LifeFlight of Maine Embraces Safety to Protect Its Helicopter Crews, Patients
Saturday, August 22, 2009
LEWISTON, Maine -- Nights don't come much darker than Maine's. From a speeding helicopter, the sky blends seamlessly into the ground even in clear weather.
With so much forest and so little light, the crews of LifeFlight of Maine would be picking their way through pitch-black if not for the $12,000 night-vision goggles each member wears.
The goggles are one element of an extensive safety regimen that sets LifeFlight apart from many medical helicopter programs in the country. And the donations and state money that paid for them and other upgrades speak to how Maine's sole helicopter medevac program has come to be viewed as a public utility among the for-profit companies that dominate the industry.
Maine has fewer than 1.3 million residents, scattered across 35,000 square miles, making it a very rural state. Yet no for-profit medical helicopter services operate here, and LifeFlight of Maine has just two helicopters. "That's about the right number to meet patient need. Not demand, not convenience, but need," said Thomas P. Judge, executive director of the small nonprofit program.
He is a harsh critic of the industry's accident rate, unregulated growth and resistance to mandatory safety measures.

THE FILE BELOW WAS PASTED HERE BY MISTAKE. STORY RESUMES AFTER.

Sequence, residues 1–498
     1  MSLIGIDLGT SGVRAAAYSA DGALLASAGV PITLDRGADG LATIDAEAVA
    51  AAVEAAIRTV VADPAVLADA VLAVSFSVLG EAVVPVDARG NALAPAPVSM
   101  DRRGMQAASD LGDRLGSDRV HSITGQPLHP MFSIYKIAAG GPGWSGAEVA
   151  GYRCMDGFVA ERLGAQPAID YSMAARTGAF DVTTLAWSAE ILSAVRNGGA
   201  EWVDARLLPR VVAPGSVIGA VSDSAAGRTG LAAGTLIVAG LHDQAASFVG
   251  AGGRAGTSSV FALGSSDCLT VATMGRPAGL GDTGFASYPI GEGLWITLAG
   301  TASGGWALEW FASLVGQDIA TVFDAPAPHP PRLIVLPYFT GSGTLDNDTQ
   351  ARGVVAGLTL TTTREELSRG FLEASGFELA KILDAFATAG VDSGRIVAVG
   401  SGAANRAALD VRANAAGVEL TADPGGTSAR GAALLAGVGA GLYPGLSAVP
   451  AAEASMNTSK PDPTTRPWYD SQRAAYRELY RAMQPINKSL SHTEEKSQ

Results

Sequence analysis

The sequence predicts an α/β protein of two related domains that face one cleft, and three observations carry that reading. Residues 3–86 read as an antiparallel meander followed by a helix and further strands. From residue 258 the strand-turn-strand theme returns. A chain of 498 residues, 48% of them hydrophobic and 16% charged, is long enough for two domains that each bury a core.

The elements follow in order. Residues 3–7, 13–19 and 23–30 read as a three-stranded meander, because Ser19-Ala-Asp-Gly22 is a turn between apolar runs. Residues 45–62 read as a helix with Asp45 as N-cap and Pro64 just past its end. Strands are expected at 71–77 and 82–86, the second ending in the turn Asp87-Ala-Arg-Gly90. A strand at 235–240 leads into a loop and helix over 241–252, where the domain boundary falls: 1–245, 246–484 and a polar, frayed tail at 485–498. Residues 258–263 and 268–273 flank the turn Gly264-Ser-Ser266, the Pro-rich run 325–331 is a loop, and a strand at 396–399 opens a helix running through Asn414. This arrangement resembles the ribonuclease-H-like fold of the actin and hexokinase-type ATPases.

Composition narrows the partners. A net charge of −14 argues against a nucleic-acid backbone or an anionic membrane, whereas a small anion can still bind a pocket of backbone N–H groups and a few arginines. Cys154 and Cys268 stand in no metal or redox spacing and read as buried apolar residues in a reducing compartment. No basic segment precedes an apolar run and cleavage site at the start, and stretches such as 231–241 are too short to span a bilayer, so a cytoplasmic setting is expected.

LifeFlight owns powerful twin-engine Agusta helicopters that cost $4.25 million each and allow pilots to fly on instruments rather than by sight alone.
Through a combination of the average $6,600 trip fee covered by insurance, charitable donations and $2.6 million from a state bond issue, the nonprofit organization has created an aviation infrastructure: Global Positioning System approaches at eight hospitals improve access to remote communities; helipads are located at nearly every hospital; and local weather stations dot the state.
The program employs satellite tracking and a radio communications center to follow flights. Every 10 minutes, dispatchers talk to a pilot to maintain contact. The helicopters have radar altimeters, which show distance to the ground, but they are not equipped with the terrain-warning systems recommended by the National Transportation Safety Board.
LifeFlight's night-vision program cost $275,000, including the purchase of six sets of goggles, adaptations to helmets, spare parts, training and certification. Crews also are sent to the U.S. Navy's "dunk tank" in Groton, Conn., to learn how to escape from a submerged helicopter.
"We're asking people to do a complicated job, and to the extent you as an operator won't equip them to do it, it's unconscionable," Judge said.
In 1998, Central Maine Medical Center in Lewiston and Eastern Maine Medical Center in Bangor collaborated to create LifeFlight and buy its first helicopters. The nurses and paramedics who fly with the program are employees of the two hospitals. They receive death benefit coverage at no cost under a policy that LifeFlight buys.
"I'm with a program that's doing everything it can to get us all home safe every time," said Pat Giarrizzo, a military pilot before joining the Maine program through EraMED, which provides LifeFlight's pilots.